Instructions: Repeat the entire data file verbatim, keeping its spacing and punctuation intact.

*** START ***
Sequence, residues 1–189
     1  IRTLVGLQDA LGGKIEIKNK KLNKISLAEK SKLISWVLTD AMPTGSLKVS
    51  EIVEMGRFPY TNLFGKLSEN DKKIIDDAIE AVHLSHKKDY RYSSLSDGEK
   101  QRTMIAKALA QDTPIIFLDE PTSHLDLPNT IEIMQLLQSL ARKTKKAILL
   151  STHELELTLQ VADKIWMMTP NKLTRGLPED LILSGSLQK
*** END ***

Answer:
Sequence, residues 1–189
     1  IRTLVGLQDA LGGKIEIKNK KLNKISLAEK SKLISWVLTD AMPTGSLKVS
    51  EIVEMGRFPY TNLFGKLSEN DKKIIDDAIE AVHLSHKKDY RYSSLSDGEK
   101  QRTMIAKALA QDTPIIFLDE PTSHLDLPNT IEIMQLLQSL ARKTKKAILL
   151  STHELELTLQ VADKIWMMTP NKLTRGLPED LILSGSLQK